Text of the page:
2. Understand your bail conditions

What are bail conditions?
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2. Understand your bail conditions

Before you sign your bail, review the conditions with your lawyer or duty counsel.

Examples of bail conditions

Your release documents will include conditions. For example, you may:

  • need to live at a specific address or with a specific person (i.e. your surety)
  • have to stay in the province and deposit your passport
  • have to notify the officer in charge of your case of any changes in your job, or address
  • not be allowed to communicate with specific people
  • not be allowed to go to specific places
  • not be allowed to go around specific people
  • have to report to the police or bail program at specific times
  • not be allowed to have weapons
  • not be allowed to have drugs except with a valid prescription in your name

Ask questions if you don't understand

Make sure you understand what you're agreeing to. Ask questions if you're not sure what something means.

The conditions should be clear. Both you and anyone else who has to read your conditions (including other police officers) must be able to easily understand what is expected of you.

What no contact means

It's common for release documents to have a no contact condition. This condition says that you're not allowed to contact the other people involved in the case, such as the complainant or the co-accused.

A no contact condition usually says:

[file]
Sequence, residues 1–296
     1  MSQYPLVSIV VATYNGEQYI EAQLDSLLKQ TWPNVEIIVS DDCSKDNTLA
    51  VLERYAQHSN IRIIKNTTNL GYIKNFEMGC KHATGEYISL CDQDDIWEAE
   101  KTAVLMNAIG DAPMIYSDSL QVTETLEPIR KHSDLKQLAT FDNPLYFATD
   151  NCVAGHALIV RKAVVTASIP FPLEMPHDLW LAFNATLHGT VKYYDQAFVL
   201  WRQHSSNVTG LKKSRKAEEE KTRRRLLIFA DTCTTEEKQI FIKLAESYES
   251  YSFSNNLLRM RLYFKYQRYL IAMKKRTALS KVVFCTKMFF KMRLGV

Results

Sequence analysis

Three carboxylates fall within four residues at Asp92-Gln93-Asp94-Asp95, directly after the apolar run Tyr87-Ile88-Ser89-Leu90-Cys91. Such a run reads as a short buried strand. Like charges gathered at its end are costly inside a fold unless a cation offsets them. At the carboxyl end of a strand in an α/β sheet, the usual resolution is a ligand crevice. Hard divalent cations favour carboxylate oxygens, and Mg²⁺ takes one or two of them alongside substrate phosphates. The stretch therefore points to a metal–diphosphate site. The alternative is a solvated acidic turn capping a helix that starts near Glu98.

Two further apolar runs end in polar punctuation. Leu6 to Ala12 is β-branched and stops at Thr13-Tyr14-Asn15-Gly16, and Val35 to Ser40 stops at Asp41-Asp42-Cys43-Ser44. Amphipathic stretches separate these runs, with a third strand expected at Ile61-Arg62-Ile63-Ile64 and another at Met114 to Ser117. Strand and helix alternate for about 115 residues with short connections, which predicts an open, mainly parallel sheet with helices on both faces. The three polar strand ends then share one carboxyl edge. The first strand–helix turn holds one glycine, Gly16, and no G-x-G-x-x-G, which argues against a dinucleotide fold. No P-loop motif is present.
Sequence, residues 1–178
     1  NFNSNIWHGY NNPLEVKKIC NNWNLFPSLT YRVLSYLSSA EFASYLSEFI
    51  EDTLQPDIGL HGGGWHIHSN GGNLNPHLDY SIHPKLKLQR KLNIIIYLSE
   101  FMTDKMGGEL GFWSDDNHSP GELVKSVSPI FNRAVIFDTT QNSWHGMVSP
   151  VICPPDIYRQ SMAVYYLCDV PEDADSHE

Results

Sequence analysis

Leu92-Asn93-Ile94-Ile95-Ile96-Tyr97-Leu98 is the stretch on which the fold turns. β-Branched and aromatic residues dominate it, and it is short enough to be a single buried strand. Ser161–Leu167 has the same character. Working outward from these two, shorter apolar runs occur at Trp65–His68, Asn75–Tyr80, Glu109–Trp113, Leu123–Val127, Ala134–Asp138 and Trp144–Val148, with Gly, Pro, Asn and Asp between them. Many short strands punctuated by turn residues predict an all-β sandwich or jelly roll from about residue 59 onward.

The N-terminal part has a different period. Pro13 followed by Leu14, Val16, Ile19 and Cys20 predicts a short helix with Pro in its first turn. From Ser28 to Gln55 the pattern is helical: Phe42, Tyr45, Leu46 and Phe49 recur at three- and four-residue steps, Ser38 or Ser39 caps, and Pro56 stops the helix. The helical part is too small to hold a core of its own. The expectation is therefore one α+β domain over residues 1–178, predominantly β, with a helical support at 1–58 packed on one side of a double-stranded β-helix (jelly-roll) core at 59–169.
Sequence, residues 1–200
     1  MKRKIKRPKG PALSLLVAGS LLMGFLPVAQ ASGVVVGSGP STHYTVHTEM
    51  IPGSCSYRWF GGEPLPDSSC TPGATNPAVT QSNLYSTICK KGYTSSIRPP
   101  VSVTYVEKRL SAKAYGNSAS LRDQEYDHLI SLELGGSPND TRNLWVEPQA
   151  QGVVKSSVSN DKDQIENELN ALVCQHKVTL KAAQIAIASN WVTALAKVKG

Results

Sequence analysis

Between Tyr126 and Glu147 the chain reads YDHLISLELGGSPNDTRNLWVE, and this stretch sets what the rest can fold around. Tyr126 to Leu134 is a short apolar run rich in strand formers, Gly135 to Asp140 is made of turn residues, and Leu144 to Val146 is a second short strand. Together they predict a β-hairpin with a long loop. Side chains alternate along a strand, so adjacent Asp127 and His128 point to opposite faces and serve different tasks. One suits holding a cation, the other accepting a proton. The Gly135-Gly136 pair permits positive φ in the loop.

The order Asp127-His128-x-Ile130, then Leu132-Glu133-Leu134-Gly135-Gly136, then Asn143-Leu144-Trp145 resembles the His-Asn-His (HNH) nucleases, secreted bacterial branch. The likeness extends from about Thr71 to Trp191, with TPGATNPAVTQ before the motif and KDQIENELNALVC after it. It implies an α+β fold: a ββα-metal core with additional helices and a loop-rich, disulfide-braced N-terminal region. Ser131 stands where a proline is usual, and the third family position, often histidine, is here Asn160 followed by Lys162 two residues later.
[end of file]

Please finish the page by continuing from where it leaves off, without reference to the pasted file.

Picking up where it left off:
“Do not communicate directly or indirectly with the following people…”

Direct communication includes talking to someone in person, talking on the phone, sending text messages to people, and similar ways of communicating.

The meaning of indirect communication is less clear. If you post something on social media that the person you're not allowed to communicate with can see, you may be communicating indirectly. Indirect communication also includes asking friends or relatives to give other people messages for you. 

A no contact condition usually means that you should not:

  • talk in person
  • talk on the phone
  • send text messages
  • post tweets directed at the person named in the no contact order
  • post Facebook status updates or comments directed at the person named in the no contact order
  • send messages through any social media outlets such as Instagram, Snapchat, and Twitter
  • send emails
  • ask other people to give the person a message

But it is possible to have exceptions to these conditions. Any exceptions to the standard understanding of a no contact condition must be clearly stated in your bail papers. If there is an exception, make sure that you understand exactly what you can and can’t do.  For example, sometimes contact may be allowed with the person’s permission or if a particular person is there during the contact.     

You May Also Need

Legal Aid Ontario, LawFacts
Department of Justice
Reviewed: July 1, 2018

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